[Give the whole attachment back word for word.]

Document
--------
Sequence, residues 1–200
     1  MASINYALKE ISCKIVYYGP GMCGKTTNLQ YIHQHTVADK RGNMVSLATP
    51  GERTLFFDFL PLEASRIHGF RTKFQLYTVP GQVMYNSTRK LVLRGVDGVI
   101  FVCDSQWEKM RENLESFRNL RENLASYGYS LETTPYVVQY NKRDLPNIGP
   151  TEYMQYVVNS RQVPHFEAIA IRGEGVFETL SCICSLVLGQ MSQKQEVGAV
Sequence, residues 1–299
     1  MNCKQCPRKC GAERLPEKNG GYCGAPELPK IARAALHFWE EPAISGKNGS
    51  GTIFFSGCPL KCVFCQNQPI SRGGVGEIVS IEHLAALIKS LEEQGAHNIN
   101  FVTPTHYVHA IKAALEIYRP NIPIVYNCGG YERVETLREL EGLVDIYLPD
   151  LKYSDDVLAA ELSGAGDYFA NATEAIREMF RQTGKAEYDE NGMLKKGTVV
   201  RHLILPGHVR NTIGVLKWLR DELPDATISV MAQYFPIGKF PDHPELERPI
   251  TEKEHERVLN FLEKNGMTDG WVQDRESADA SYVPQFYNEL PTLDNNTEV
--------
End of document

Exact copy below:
Sequence, residues 1–200
     1  MASINYALKE ISCKIVYYGP GMCGKTTNLQ YIHQHTVADK RGNMVSLATP
    51  GERTLFFDFL PLEASRIHGF RTKFQLYTVP GQVMYNSTRK LVLRGVDGVI
   101  FVCDSQWEKM RENLESFRNL RENLASYGYS LETTPYVVQY NKRDLPNIGP
   151  TEYMQYVVNS RQVPHFEAIA IRGEGVFETL SCICSLVLGQ MSQKQEVGAV
Sequence, residues 1–299
     1  MNCKQCPRKC GAERLPEKNG GYCGAPELPK IARAALHFWE EPAISGKNGS
    51  GTIFFSGCPL KCVFCQNQPI SRGGVGEIVS IEHLAALIKS LEEQGAHNIN
   101  FVTPTHYVHA IKAALEIYRP NIPIVYNCGG YERVETLREL EGLVDIYLPD
   151  LKYSDDVLAA ELSGAGDYFA NATEAIREMF RQTGKAEYDE NGMLKKGTVV
   201  RHLILPGHVR NTIGVLKWLR DELPDATISV MAQYFPIGKF PDHPELERPI
   251  TEKEHERVLN FLEKNGMTDG WVQDRESADA SYVPQFYNEL PTLDNNTEV